Monday 2 January 2017

Battle of the Bridge. A Thirty Years War Pike and Shotte Game

Our last game of 2016. We fought the battle at Bob's using his figures and he helpfully wrote up this report of the game for our blog.

This game was based on the mercenary captains’ campaign in the Pike and Shotte Devil’s Playground supplement. Three mercenary captains each leading a brigade must fight a series of battles on their way to meet their employers. The first is to take and hold the only bridge over an unfordable river.

Alan took the part of Officer Ensign Hakan Nilson Skytte, the senior officer of the three Swedish Protestant captains – I was the Catholic German Fullkwin von Brunn. The three brigades on each side were diced for and each was different.

The table was set up by random dice throw. 

Alan won the imitative (all captains were rated 7) but failed to get any of his 3 brigades to move. I managed to get 2 of my brigades onto the table and my dragoons raced to the bridge and dismounted ready to fire at any one coming from Alan’s side.

 followed by German infantry


Alan was now able to bring his troops on and deploy his guns

He ordered his Swedish Cuirassiers to gallop over the bridge 

They smashed into my dismounted dragoons who fired and then evaded.  

Since the Cuirassiers had outstripped their officer and troops they found themselves losing the melee because my troops were supported and they were alone. They had taken a casualty from my artillery when they crossed the bridge. The Cuirassiers fell back to the centre of the bridge.

My artillery forced them off the bridge and Alan's artillery did damage to my German troops enfilading the brigade and breaking one of the regiments. 

Meanwhile other units on both sides moved up to the river’s edge but could not cross

I had positioned my gun on a hill within medium range and nothing could come across without taking casualties. No units could cross the river at any other point, and everyone was reduced to firing across the river at their enemies. Individual regiments took casualties but since they could not cross the river they had no real effect. Except for Alan's units of peasant's who having stood and taken three rounds of fire eventually failed a moralke test and broke.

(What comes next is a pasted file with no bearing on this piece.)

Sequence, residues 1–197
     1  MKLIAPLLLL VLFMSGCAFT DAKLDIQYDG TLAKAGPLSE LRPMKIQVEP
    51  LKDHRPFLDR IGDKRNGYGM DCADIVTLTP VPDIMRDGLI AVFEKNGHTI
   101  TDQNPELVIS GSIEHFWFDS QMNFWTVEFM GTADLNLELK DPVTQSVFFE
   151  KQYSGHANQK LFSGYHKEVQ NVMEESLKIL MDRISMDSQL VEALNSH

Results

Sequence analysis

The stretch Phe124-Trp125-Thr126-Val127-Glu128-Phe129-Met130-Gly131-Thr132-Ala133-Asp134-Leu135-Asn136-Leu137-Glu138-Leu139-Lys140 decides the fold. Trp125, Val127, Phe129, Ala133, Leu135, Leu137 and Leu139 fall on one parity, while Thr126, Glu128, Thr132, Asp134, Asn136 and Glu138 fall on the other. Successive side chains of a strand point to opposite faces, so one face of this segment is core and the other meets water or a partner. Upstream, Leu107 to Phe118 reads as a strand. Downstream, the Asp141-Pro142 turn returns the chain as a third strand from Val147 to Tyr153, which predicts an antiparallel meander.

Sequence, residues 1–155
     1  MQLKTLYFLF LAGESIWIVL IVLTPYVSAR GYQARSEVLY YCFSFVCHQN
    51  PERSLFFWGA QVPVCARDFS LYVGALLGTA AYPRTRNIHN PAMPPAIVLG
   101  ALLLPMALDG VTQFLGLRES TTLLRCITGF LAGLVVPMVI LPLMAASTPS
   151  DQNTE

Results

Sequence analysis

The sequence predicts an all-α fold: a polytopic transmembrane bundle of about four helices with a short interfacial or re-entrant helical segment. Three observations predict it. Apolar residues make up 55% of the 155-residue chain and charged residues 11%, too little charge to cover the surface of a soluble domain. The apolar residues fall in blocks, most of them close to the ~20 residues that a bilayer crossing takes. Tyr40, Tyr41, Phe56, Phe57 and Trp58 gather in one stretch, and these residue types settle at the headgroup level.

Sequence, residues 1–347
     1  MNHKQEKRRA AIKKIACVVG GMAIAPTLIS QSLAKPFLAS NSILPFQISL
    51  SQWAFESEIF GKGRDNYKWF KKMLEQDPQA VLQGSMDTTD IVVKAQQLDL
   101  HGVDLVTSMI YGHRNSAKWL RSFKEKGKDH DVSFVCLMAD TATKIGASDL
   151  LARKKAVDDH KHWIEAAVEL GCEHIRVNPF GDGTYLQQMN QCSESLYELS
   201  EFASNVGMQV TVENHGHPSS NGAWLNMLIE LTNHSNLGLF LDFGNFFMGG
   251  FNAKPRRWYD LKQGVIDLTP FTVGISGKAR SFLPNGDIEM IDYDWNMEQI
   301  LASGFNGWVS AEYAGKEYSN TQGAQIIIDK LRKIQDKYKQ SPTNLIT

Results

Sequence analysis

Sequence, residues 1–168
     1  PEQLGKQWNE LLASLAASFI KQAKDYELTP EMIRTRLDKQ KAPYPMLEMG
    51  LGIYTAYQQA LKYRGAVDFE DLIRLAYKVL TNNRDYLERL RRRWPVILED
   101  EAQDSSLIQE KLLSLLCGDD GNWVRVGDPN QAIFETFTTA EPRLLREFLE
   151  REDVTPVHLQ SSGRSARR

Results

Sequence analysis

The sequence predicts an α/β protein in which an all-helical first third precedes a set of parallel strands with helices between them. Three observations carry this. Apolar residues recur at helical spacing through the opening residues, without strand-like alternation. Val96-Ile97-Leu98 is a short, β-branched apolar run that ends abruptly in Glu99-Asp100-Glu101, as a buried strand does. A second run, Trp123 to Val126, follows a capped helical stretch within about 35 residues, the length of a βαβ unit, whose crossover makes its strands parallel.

The object of the game was took take and hold the bridge and with no other way to cross the river the game became bogged down. Alan tried to take the bridge by attacking with his pikes

I met him on the bridge with my pikes. Both troops were of equal value and on the bridge there was no way of reinforcing them.

It was at this point we decided that the game had come to an end. The rules worked but the scenario was poorly designed. With the bridge the only method of crossing the river and my gun covering it, there was no chance of Alan taking the bridge.

The 28mm figures for this game were Bob's Irregular Miniatures ECW figures, to which he added Warlord’s TYW range. All the  ECW figures, about 300 of them, were based for an excellent set of 18th century rules King of the Battlefield.  These used 3 bases for an infantry regt or a cavalry unit. I use 3 x 4 infantry and 3 x 2 Cavalry. This game used P&S rules which uses bases and does not care how many figures are on a base.

Most units have oversized flags – the Swedish and German flags are enough to change the ECW figures into the two TYW armies. There are odd conversions such as the leading Cuirassier charging across the bridge who has a cape made from a cigarette paper covered in polystyrene glue added. Perhaps more interesting are the gun crew – one is a pirate, another a Border Reiver and the last a Celt! They seem to work and neither Jack or I has ever commented on them (might notice now).

The militia whom Bob successfully drove off the field are the Perry’s Russian Napoleonic peasants. The first set of 6 have hand weapons and the second 6 captured firearms. The only figure that doesn’t fit with the 17th century is the officer who wears a Potemkin, Bob also uses the peasants with my Napoleonic Russians.